The Meaning of Work for the Individual

A large sample of German employed, non-working, and unemployed people is regularly consulted on aspects of their everyday actions, the experienced meaning of labor, their mental health and numerous work-related attitudes and outcomes. This, for the first time, makes it possible to look at longitudinal developments and changes in their work experiences and on their effect on the individual and their subjective feeling.


Funding: Departmental funds, Sponsoring of a respondent panel by, GfK AG, Nürnberg


Project duration: 2008 – present



JKU Linz: Univ.-Prof. Dr. Bernad Batinic, Dr. Barbara Stiglbauer, Dr. Eva Selenko

University Erlangen-Nuremberg: Dr. Karsten Paul



  • Batinic, B., Selenko, E., Stiglbauer, B. & Paul, K. I. (2010). Are workers in high-status jobs healthier than others? Assessing Jahoda’s latent benefits of employment in two working populations. Work & Stress, 24, 73-84.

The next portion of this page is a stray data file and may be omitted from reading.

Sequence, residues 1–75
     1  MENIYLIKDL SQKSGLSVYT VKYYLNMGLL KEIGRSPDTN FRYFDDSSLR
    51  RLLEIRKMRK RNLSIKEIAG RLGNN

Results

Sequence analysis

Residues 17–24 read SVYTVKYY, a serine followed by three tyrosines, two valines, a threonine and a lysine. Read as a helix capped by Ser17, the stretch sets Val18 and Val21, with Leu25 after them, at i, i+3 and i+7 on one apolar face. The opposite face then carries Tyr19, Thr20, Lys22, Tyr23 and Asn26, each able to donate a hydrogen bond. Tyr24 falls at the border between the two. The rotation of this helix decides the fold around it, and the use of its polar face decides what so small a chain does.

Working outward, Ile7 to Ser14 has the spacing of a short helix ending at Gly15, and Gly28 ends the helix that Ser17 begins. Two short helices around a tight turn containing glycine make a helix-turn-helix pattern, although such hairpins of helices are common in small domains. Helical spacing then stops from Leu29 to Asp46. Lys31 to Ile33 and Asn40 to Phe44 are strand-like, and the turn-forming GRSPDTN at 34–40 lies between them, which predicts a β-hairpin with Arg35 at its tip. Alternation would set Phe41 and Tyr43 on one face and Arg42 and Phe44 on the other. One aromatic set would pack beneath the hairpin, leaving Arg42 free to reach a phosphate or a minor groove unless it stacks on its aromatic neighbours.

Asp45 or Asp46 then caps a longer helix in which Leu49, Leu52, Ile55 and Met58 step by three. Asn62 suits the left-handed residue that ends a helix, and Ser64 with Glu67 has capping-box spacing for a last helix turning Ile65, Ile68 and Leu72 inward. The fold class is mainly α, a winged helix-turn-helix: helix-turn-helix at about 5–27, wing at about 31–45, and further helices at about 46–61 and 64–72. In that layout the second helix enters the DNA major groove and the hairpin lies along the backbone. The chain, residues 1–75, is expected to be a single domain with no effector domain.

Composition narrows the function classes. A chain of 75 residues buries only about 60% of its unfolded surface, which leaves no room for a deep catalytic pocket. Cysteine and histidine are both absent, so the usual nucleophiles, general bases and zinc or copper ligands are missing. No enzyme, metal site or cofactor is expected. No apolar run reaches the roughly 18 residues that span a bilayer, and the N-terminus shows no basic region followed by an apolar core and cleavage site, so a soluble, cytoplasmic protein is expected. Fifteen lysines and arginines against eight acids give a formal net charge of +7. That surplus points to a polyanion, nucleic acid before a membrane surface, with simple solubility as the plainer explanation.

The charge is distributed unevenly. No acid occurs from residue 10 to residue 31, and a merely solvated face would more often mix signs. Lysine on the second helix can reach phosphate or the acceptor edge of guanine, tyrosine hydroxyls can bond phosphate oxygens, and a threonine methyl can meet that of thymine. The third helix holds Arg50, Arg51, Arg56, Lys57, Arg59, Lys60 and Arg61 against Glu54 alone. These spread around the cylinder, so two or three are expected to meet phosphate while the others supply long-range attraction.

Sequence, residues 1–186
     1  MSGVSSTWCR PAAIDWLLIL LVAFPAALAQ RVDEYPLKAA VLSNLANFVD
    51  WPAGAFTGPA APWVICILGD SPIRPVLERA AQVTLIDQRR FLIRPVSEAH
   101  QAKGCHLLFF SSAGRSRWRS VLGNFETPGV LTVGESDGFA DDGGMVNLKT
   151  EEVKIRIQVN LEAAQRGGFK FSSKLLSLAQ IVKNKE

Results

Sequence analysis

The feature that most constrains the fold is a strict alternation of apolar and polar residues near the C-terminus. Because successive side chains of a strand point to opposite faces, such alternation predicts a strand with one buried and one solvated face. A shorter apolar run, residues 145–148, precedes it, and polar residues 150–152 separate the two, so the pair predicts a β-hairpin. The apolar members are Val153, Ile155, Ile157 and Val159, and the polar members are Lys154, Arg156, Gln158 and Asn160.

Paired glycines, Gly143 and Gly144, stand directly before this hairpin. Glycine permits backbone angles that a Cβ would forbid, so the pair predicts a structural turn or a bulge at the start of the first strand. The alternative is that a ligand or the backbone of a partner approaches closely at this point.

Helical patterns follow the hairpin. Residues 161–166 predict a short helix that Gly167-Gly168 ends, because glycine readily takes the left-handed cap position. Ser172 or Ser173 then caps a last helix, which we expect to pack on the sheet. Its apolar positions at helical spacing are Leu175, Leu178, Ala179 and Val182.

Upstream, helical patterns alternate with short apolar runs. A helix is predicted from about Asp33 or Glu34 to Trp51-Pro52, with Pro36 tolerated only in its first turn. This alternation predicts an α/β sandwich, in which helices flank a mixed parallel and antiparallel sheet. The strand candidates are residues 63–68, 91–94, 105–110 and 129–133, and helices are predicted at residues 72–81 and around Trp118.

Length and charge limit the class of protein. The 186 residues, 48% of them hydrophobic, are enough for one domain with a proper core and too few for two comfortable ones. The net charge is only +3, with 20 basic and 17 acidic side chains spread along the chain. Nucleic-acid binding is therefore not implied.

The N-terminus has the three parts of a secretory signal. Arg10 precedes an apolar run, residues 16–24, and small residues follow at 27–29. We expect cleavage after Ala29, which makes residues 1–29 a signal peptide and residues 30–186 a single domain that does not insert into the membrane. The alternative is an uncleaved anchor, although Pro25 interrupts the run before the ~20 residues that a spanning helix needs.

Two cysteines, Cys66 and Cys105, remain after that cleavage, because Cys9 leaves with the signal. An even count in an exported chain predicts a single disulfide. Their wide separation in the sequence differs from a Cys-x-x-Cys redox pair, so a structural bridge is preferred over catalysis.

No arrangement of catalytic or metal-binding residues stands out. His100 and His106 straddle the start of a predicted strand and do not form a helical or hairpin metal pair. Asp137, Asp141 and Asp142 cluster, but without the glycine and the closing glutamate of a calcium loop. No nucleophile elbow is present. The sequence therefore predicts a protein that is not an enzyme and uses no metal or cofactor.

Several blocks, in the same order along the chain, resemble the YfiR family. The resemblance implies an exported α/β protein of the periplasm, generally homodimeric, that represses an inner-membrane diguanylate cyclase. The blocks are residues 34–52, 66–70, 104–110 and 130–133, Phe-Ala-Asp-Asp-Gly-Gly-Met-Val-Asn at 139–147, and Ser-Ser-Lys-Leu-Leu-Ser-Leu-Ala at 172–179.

• Paul, K. I. & Batinic, B. (2010). The need for work: Jahoda’s latent functions of employment in a representative sample of the German population. Journal of Organizational Behavior, 31, 45-64.
  • Selenko, E. & Batinic, B. (2012). Job insecurity and the benefits of work. European Journal of Work and Organizational Psychology, 22, 725-736.
  • Selenko, E., Batinic, B. & Paul, K. I. (2011). Does latent deprivation lead to psychological distress? Investigating Jahoda’s model in a four-wave study. Journal of Occupational and Organizational Psychology, 84, 723-740.
  • Stiglbauer, B. & Batinic B. (2012). The Role of Jahoda’s Latent and Financial Benefits for Work Involvement: A Longitudinal Study. Journal of Vocational Behavior, 81, 259-268.
  • Stiglbauer, B., Selenko, E., Batinic, B. & Jodlbauer, S. (2012). On the link between job insecurity, well-being, and turnover intentions and the moderating effect of work involvement. Journal of Occupational Health Psychology, 17, 354-364.